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This page is an index of articles and other written resources, including reports, interviews, book and anthology excerpts, PowerPoint presentations, and presentation transcripts for authors and speakers with last names starting with “H.”

Julie Halpert

Covering Autos, Climate, and Energy: Overcoming Challenges Facing the Media. Article by Julie Halpert. This article from The Yale Forum on Climate Change and the Media provides tips to journalists seeking to cover the automobile industry. Article >>

Diesel vs. Hybrid. Article by Julie Halpert. Discusses whether cars with more environmentally-friendly diesel engines will overtake hybrid cars. Article >>

EPA Ann Arbor Vehicle Emissions Lab Offers Reporters Fertile Ground for Stories. Article by Julie Halpert. Tips for journalists seeking information from the Environmental Protection Agency lab. Article >>

Museums Moving To Fill Gap On Climate Information, Education. Article by Julie Halpert. This piece for The Yale Forum on Climate Change and the Media explores how museums are filling the void left from dwindling beats on environmental publications. Article >>

Reese Halter

Antarctica Is Undergoing An Extraordinary Melt. Article by Reese Halter. Like a snowball released from the top of the mountain, gaining momentum as it descends, Earth’s record-breaking heat is melting Antarctica at a stunning rate. The area of sea ice surrounding Antarctica is the lowest since the inception of continuous record keeping began in 1979, and it’s still tumbling. In May, 2016, the massive West Antarctic ice sheet began tearing apart. Article >> More about Reese Halter >>

The Humble Honeybee. Article by Reese Halter. Honeybees are incomparable little creatures. Not only do bees pollinate 75 percent of all the world’s food crops, but also all the cotton we wear. Honeybees produce an astounding 2.6 billion pounds of honey each year for humans. Honeybees and humans share many things: we socialize, dance, touch, feel, mimic one another, sleep, enjoy nicotine, caffeine, even vote, and we both get sick. Article >> More about Reese Halter >>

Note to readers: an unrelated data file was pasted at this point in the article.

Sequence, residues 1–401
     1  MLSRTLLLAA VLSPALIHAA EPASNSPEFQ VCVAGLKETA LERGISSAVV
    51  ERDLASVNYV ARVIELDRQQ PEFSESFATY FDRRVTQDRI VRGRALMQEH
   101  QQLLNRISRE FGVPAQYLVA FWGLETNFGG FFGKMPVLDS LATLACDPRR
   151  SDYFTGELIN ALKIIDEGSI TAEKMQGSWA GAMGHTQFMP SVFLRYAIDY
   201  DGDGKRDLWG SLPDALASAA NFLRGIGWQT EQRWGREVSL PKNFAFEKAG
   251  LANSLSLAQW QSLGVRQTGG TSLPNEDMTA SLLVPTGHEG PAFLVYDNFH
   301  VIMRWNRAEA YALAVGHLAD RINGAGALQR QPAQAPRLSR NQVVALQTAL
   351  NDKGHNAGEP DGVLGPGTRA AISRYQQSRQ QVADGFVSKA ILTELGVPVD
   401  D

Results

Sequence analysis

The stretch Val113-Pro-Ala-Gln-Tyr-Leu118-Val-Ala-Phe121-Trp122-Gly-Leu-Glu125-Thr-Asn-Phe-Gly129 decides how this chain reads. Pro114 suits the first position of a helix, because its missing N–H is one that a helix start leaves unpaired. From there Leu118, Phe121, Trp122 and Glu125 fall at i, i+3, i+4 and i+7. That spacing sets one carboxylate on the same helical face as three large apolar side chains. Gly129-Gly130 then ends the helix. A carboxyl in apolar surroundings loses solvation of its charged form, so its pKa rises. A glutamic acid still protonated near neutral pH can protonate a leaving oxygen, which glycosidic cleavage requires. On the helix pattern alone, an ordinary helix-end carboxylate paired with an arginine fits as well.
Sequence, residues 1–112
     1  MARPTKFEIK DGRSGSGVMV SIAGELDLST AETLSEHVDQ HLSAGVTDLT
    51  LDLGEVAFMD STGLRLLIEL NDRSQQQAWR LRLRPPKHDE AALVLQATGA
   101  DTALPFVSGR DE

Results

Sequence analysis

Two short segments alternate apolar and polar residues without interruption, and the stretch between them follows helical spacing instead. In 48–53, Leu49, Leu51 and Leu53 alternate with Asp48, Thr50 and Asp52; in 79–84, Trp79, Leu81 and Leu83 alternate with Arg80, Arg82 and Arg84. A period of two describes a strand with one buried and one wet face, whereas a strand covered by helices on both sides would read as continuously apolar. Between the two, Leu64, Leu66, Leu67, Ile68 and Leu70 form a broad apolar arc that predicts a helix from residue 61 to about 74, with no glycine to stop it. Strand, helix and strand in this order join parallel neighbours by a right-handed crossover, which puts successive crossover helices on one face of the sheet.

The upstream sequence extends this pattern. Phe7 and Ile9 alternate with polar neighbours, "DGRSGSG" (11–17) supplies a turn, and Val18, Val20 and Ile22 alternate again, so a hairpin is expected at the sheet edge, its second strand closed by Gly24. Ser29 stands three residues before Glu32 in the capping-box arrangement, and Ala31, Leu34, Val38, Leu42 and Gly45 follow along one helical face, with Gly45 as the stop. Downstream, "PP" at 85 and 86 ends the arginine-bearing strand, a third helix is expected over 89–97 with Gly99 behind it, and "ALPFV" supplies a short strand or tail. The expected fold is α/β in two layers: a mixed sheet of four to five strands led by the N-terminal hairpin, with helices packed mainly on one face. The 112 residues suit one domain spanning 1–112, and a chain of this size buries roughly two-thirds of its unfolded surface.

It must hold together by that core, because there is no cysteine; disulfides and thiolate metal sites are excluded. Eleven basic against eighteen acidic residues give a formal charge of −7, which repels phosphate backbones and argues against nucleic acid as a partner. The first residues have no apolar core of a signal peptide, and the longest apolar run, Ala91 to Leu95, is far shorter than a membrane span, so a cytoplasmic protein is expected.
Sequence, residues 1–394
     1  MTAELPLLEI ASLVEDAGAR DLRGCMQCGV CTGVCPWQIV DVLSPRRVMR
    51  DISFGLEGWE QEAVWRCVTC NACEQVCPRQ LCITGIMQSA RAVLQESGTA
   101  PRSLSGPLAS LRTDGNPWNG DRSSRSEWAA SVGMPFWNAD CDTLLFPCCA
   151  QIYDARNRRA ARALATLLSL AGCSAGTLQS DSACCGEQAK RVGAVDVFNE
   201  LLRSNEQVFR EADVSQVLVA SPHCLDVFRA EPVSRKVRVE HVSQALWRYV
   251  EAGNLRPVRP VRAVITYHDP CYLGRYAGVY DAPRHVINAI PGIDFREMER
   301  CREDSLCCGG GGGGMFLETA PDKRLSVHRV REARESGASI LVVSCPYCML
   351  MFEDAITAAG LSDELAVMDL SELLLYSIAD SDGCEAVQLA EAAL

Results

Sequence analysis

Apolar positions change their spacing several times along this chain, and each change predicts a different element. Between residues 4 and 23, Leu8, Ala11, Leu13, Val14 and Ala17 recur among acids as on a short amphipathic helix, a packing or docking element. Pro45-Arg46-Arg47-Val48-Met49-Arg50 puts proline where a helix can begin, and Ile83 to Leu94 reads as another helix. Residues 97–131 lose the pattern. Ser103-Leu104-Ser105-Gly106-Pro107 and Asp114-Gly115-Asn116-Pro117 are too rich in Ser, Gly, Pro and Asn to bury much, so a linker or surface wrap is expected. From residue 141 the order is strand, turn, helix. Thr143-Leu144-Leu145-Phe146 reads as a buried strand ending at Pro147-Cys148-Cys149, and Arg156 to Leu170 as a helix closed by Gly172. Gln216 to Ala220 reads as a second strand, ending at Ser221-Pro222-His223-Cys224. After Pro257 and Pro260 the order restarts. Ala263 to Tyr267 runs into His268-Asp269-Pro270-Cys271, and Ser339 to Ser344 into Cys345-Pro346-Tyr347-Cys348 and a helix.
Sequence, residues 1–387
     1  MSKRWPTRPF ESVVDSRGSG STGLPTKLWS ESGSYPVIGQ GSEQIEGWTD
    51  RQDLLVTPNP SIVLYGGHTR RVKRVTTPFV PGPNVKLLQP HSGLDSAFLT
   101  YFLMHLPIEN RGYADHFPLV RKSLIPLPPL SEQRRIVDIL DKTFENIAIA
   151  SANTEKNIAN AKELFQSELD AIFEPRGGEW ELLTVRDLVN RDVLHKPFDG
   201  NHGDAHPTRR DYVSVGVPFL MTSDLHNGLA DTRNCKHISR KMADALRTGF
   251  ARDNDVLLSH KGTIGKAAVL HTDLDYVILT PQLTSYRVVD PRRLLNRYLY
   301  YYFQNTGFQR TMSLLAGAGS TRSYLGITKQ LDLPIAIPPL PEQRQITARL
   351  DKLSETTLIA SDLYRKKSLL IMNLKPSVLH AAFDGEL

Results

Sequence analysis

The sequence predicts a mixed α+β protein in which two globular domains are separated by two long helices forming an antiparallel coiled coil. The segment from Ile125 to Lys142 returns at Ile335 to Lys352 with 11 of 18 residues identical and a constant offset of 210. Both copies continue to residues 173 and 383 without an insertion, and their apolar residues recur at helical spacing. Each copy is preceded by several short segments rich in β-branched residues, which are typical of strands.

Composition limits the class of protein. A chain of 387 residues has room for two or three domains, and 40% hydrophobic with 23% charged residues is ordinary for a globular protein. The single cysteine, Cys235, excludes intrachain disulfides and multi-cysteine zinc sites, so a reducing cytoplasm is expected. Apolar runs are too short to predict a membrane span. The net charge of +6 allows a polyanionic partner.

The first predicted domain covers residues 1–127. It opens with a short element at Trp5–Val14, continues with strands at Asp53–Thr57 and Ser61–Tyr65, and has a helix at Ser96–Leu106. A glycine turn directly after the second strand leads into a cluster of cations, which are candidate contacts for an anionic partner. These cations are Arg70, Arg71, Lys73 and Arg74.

Toxic Tar Sands Cooking Our Planet. Article by Reese Halter. On February 24, 2018, the mercury at the Cape Morris Jesup weather station, northern Greenland, soared to 43 degrees (F), 70 degrees above normal – unprecedented. During that month, temperatures in northern Greenland were above freezing for 61 hours, three times the number of hours in any previous year. Terrifying. Article >> More about Reese Halter >>

Denis Hayes

"" Changing The Climate. Interview with Denis Hayes. Hayes answers questions about how to mobilize Americans to take up climate change as a top-tier issue, the politics of oil, the prospects of solar energy, and optimism for the future. Interview >> More about Denis Hayes >>

"" Deep Green Buildings Are A Necessity. By Denis Hayes. A deep green building is not a mere stylistic preference, like Art Deco or Brutalism. The decision to generate power with rooftop solar panels is not akin to selecting granite countertops. Deep green buildings are a necessary component of resilient cities, and resilient cities are a strategic necessity if the current generation is to pass on a diverse, habitable planet to the next. Article >> More about Denis Hayes >>

"" How Grant Makers Can Turn Real Estate Assets Green. By Denis Hayes and Dennis Creech. Unlike public corporations, foundations are not accountable to shareholders or investors. The U.S. tax code entrusts them with a pool of tax-advantaged money and an expectation that they will use it to help advance the public good. Because of the federally subsidized tax benefits foundations receive, they have a special responsibility — and the wherewithal — to step out and take risks in areas where business often fears to tread. Article >> More about Denis Hayes >>

Preparing to Live in the Next Millennium. Presentation by Denis Hayes. For the first time in history, one species has developed the ability to change the entire world. Lots of species do lots of things in limited environments. A hundred twenty years ago in the Pacific Northwest, the human impact was probably less than the impact of beavers. That’s certainly changed. Presentation Excerpt >> More about Denis Hayes >>

William Honachefsky

"" Ecologically Based Municipal Land Use Planning. By William Honachefsky. “I admit there was a time in my own early years as a young land surveyor (the pre-Earth Day decade at least) when I too regarded the land simply as a commodity, and not part of a larger continuum, intimately linked to the surrounding air, water, vegetation, and wildlife.” Book Excerpt >>

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